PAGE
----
Wearing unsupportive shoes puts you at risk of injury, says Dr Tamsin Lewis – even when you’re not training or racing
I cringe when I see triathletes walking about in flip-flops, ballet pumps or Ugg boots. As trendy and cool as you may think they may look, I don’t think they’re worth the risk.
We’ve systemically de-conditioned our feet by years of walking around in thick-soled trainers and shoes with anti-pronation arch support. This means that our choice of footwear is important, and unsupportive shoes keep physios in business but the athlete out of pocket.
Nicole Oh, the head physio at Pearson Physio in south-west London, says she often sees athletes who’ve suffered injuries after wearing flip-flops. “The main problem with flip-flops is their complete lack of arch support,” she explains.
“A weak and unconditioned foot – which the majority of us have, since we cradle our feet in supportive shoes for most of the year – may not be able to cope with a sudden change in footwear when the sun comes out. This increased demand and overloading of the ankle stabilising muscles (the tibialis posterior on the inside and/or peroneals on the outside) can cause overuse injuries in their tendons, resulting in pain, swelling and weakness.”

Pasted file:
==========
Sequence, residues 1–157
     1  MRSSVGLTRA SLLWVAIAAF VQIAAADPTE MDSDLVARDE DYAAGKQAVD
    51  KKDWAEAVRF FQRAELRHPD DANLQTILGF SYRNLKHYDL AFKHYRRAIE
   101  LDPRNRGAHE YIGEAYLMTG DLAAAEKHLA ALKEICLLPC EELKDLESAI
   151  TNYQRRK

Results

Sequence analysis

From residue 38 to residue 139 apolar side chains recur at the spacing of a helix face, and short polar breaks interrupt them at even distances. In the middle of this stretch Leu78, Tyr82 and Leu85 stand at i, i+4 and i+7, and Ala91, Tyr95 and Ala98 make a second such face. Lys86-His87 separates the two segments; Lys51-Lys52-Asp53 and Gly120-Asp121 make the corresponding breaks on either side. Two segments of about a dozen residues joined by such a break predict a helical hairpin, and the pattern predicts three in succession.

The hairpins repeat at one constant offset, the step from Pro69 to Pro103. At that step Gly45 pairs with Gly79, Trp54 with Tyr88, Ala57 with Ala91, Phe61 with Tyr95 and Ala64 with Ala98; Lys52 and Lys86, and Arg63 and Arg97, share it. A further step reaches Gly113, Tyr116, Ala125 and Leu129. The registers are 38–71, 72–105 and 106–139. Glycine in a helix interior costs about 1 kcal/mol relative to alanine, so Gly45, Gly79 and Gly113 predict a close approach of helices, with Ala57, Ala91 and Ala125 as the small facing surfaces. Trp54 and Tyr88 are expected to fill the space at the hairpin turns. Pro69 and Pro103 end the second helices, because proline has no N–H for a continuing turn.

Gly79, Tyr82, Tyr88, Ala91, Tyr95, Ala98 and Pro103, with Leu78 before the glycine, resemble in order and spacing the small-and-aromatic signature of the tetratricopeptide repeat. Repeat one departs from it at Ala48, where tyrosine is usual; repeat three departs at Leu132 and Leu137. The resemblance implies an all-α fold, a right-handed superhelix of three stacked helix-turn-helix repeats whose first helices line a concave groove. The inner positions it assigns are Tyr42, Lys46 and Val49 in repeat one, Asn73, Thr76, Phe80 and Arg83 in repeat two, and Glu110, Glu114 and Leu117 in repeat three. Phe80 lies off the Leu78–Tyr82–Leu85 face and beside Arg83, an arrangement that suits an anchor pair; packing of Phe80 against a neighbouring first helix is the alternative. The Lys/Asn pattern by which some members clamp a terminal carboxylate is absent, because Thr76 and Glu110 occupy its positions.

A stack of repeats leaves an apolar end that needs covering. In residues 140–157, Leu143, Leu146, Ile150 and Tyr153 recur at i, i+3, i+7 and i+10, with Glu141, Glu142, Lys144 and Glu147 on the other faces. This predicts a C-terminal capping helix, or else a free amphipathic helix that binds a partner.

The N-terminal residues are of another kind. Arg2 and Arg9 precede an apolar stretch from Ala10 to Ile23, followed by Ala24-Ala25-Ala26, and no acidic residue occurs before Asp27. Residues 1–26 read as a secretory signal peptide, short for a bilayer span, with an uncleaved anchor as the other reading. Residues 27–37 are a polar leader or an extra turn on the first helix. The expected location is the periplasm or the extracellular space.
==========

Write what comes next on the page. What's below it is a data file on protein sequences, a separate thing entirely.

Wearing flip-flops may not directly result in running injuries, though if you try running in them you’ve got a fair chance of doing some damage. But even worn for walking, they can contribute to injury development solely on the principle of overload.
- Posterior tibial tendon dysfunction – inflammation or tearing of the tendon that attaches the calf muscle to the arch of the foot, caused by lack of control of pronation (the foot collapsing inwards)
- Peroneal tendon injuries – the peroneal muscle in the lower leg can become chronically tight to stop the foot collapsing inwards (pronation) and then be subject to excess strain when it has to control inward movement of the ankle
- Plantar fasciitis – inflammation of the band of tissue that runs along the sole of the foot, caused by clawing of the toes to stabilise the foot
- Reduce the load on the irritated muscle/tendon via taping and supportive footwear
- When injury has healed, strengthen the ankle and foot
- Walk around barefoot at home year-round to help strengthen your feet and improve proprioception (awareness of the position and movement of your body parts)
- Work on foot and ankle strength
- Instead of flip-flops, try Birkenstock-style sandals, which are more supportive and don’t encourage toe-clawing
- Try shoes from Vivo Barefoot or Vibram that are designed to improve foot strength. Remember to only walk in them for a short period of time initially, and build up your time in them gradually